This op-ed originally appeared in the Hartford Courant, June 20, 2002.
by Jack M. Balkin
NEW HAVEN – Jose Padilla, an American citizen, is now being held in a military prison in South Carolina. He can’t speak to counsel. He has no rights that the Bush administration wishes to respect. Padilla’s case is further evidence that there is something deeply troubling about this government’s attitude toward the Constitution and the rule of law.
For months, critics have worried about the administration’s proposal to employ military tribunals. But the greater danger to civil liberties has always been lurking alongside. It is not secret trial but indefinite detention: the danger that the attorney general or some other government functionary will pick some face out of the crowd and hold that person indefinitely without legal remedy.
The administration justifies its action on the ground that Padilla, who has converted to Islam and now calls himself Abdullah al Muhajir, is an unlawful combatant: someone who is secretly fighting against our country without wearing a uniform or announcing his belligerent status. If news reports are to be believed, Padilla is no choirboy. But in our system of justice, even violent criminals are accorded basic rights against the federal government: the right to have accusations against them placed before a grand jury, the right to the advice and assistance of counsel, the right to a speedy and public trial by a jury of their peers and, above all, the right to judicial review of the legality of their arrest, detention and trial. By accusing Jose Padilla of conspiring with the al Qaeda terrorist network, the administration has attempted to short-circuit all of these guarantees.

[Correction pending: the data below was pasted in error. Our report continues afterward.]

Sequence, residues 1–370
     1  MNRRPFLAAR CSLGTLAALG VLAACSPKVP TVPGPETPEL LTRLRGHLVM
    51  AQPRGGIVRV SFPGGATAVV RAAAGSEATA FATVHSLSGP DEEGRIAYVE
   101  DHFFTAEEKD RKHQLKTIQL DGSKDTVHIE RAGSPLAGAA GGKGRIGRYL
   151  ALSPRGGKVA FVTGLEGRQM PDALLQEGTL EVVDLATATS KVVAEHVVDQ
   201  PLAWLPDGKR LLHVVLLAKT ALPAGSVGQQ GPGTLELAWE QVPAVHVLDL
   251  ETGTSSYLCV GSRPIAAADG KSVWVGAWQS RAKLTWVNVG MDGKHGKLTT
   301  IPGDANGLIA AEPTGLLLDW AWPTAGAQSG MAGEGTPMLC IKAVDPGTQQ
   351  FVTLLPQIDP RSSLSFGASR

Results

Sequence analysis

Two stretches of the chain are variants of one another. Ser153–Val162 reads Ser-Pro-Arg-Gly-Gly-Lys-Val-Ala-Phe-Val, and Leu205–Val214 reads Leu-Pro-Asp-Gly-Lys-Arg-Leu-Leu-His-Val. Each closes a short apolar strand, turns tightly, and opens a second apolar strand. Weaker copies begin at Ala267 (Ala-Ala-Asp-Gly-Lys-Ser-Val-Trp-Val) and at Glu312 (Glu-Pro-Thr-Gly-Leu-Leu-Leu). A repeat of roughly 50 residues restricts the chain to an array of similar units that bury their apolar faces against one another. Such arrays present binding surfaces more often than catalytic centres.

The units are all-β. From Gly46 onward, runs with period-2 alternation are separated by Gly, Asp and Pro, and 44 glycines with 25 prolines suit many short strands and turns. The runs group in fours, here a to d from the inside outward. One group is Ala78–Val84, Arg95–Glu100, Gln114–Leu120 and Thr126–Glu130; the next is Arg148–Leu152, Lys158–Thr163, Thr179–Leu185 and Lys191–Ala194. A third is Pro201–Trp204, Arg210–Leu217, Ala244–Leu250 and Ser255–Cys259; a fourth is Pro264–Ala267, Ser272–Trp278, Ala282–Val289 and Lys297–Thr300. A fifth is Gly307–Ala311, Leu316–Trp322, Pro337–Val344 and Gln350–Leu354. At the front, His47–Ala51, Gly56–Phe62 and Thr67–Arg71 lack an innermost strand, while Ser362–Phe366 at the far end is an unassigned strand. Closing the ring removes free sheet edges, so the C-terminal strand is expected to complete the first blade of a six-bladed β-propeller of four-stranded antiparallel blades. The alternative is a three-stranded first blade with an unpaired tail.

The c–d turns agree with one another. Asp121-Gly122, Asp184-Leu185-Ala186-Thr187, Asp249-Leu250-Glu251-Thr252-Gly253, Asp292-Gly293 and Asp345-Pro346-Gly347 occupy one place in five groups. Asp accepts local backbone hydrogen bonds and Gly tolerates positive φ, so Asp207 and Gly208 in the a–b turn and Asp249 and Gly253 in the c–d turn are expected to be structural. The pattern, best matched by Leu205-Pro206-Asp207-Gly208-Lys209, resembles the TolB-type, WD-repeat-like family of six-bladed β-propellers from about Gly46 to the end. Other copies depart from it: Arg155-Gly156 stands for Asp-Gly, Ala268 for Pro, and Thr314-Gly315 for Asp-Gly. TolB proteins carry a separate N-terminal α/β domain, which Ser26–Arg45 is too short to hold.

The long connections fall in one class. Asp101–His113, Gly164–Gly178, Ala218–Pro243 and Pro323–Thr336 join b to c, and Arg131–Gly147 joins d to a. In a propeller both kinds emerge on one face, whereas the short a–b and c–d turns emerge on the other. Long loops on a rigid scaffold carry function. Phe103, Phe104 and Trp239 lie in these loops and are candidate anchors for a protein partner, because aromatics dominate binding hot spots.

There is no doubt that identified enemy soldiers may be arrested and detained by the military, although even then they are subject to the protections afforded by international law to prisoners of war. The question to be decided, however, is whether Jose Padilla is an enemy soldier. One should not be able to strip away his constitutional rights merely by throwing him in the brig. If the attorney general can simply announce that a citizen is an enemy of the state and use that accusation to hold him indefinitely, our Constitution is not worth the paper it is written on.
Repeatedly, this administration has taken whatever steps it can to avoid accountability, either to Congress or to the courts. It justifies its actions not by giving us freedom from fear but by spreading fear. It raises the specter of grave dangers to our national security, from which it will save us if only we submit ourselves willingly to its greater wisdom.
We have a right to be worried about future attacks. But we also have the right to be worried about the slow and steady evisceration of legal procedures designed to prevent governments from arbitrary detention and arrest.
At first, one could argue that the Bush administration was interested only in seeking rough justice overseas. Then one could comfort oneself with the notion that only aliens overstaying their visas would be targeted. But now it appears that even American citizens may be rounded up on suspicion and placed in military prisons indefinitely at the pleasure of the president.
There is only one word to describe this, and it is not democracy. It is authoritarianism.
Jack M. Balkin is Knight Professor of Constitutional Law at Yale Law School. His latest book is What Brown vs. Board of Education Should Have Said [2001, New York University Press].